You need dozens of 'permissions' (Licenses) from peanut brained totally ignorant pen pushers and self-appointed little Hitlers behind Govt desks to run anything in Greece. Like the Greek Govt knows how to conduct business right? Licenses for business, opening hours, staff, health and safety, display your insurance,only set-up in such and such an area, property permissions, yabba dabba doo

I know, i know it sounds like Sovietic Britain and America. Govt looks pretty much the same Communist Blockheds wherever you go nowadays. Ho Hum!

Maybe the Govts should just provide all the food rather than bossing the prvate sector around in a million different ways and they show us how its done? Like their massively expensive, massively bankrupt healthcare systems that kills patients in days (faster than a lifetimes smoking) and slap the warning signs and grotesque photos on the ciggy packs, not the 1,000 times more dangerous to your health Marxist-public-Fascist-private State-managed killer hostpitals

We've all got sooo much to learn from the most ignorant institution the world has ever known, democratic Govt So much to learn from State morons behind desks. C'mon Statists, run the world, you do such a fine fuking job with your own shambolic bankrupt flushing down a toilet everywhere on the globe operations

Govt : the Biggest Social & Economic Mistake for Centuries  

..so very fitting that the birthplace of Govt, Greece, be the first Govt-led country down the sewer ...as all Govt-led countries inevitably head

Wed, 09/28/2011 - 10:06 | 1718225 Robslob
Robslob's picture

 

 

The concern should be all the "floating plans" as if to see which one the "managed market" will buy...just one problem...thus far the "market" has bought them all!

Wed, 09/28/2011 - 10:09 | 1718236 oogs66
oogs66's picture

bought them, bought them again, doubled down, and still wonders why nothing is actually fixed

Wed, 09/28/2011 - 10:09 | 1718235 Robert Neville
Robert Neville's picture

Stand up you are in three feet of water, but a shark has eaten off your legs.

Wed, 09/28/2011 - 10:09 | 1718238 Arroneous
Arroneous's picture

just one comment:  'i remained convinced that a Greek default can be dealt with'.  that right there is the epitome of the problem we are dealing with.  people are still talking about whether or not Greece could default.  time to grasp reality ladies and gentlemen.  Greek default will be dealt with one way or another.  there is no way around it.  the pain must be taken for the past.  the sooner politicians analysts media economists get that thru their heads the better off we will all be.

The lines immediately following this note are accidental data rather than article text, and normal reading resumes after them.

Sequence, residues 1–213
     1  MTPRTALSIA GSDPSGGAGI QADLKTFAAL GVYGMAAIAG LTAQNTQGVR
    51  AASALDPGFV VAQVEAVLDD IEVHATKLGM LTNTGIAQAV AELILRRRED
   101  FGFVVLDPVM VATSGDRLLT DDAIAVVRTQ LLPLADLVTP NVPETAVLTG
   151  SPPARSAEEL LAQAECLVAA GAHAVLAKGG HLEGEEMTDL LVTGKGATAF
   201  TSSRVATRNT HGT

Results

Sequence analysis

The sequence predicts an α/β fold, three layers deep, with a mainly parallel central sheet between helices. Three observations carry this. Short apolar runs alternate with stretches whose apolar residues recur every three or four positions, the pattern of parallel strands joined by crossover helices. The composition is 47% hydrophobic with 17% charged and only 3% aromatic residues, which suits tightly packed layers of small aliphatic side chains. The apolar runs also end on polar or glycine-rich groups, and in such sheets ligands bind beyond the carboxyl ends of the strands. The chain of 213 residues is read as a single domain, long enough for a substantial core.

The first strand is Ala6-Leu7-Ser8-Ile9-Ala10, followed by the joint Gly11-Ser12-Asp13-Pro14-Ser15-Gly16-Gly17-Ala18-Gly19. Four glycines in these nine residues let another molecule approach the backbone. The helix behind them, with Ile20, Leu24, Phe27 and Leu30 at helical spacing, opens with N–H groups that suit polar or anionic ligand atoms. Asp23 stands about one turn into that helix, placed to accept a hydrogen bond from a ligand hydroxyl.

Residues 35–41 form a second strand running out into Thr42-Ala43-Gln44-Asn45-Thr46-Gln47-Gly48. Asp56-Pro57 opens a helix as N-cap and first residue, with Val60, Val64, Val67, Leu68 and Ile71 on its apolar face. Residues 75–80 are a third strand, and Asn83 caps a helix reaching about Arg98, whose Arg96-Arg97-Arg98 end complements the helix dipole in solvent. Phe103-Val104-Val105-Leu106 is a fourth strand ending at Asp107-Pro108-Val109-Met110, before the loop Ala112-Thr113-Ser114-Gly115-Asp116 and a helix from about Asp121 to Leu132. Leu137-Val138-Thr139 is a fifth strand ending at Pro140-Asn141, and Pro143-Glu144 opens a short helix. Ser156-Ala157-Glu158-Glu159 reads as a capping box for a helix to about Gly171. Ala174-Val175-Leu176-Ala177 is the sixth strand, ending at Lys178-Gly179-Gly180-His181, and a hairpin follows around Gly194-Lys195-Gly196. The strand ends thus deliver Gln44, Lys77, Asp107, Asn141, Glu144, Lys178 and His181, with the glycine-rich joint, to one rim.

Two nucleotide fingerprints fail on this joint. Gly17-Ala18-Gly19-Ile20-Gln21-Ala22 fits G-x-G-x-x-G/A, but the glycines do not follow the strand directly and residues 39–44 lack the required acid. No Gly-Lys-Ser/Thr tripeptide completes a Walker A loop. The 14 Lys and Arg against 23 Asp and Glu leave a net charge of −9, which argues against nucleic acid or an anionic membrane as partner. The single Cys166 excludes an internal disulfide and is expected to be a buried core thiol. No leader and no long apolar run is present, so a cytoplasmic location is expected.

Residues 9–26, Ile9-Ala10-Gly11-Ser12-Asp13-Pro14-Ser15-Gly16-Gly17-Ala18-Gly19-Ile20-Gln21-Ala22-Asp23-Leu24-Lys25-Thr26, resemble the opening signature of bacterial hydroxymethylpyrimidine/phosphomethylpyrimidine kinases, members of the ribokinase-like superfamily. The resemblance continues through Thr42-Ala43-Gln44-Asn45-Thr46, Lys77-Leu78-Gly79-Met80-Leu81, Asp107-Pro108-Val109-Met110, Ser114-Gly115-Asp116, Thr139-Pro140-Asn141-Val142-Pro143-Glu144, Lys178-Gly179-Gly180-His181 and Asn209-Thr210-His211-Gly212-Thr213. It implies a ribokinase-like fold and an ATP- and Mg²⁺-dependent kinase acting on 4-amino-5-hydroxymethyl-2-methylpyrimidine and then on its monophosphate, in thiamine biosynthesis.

Wed, 09/28/2011 - 10:33 | 1718303 Ghordius
Ghordius's picture

well put

now try to explain this to the TBTF banks who issued CDS on Greece

and all the politician analyst media economist bankers who think that the default of several banks in the EuroZone is the fabled "breaking up of the EUR"

Wed, 09/28/2011 - 10:44 | 1718349 oogs66
oogs66's picture

yeah, how do they get away with the conclusion that a greek default, coupled with a few bank failures is the end of the eur?  that is a massive leap that doesn't make sense

Wed, 09/28/2011 - 10:11 | 1718246 eigenvalue
eigenvalue's picture

Consulting firms=snake oil charlatans. 

Wed, 09/28/2011 - 10:49 | 1718380 CrimsonAvenger
CrimsonAvenger's picture

Guilty as charged - but damn the money's good.

Wed, 09/28/2011 - 10:59 | 1718404 Zero Govt
Zero Govt's picture

the money's good until (other peoples) money runs out

the British Govt spends over £1bn per annum on management consultancy from the likes of the big crony accountancy firms and look what a shithole Westminster has made of everything

Being paid to underline the Ministers policies may be good money for large international accountancy firms and milking the public purse for all it's worth but like their cooking of the books for the banks past 4 years it'll add just another nail in the coffin to the whole worthless corrupt crony industry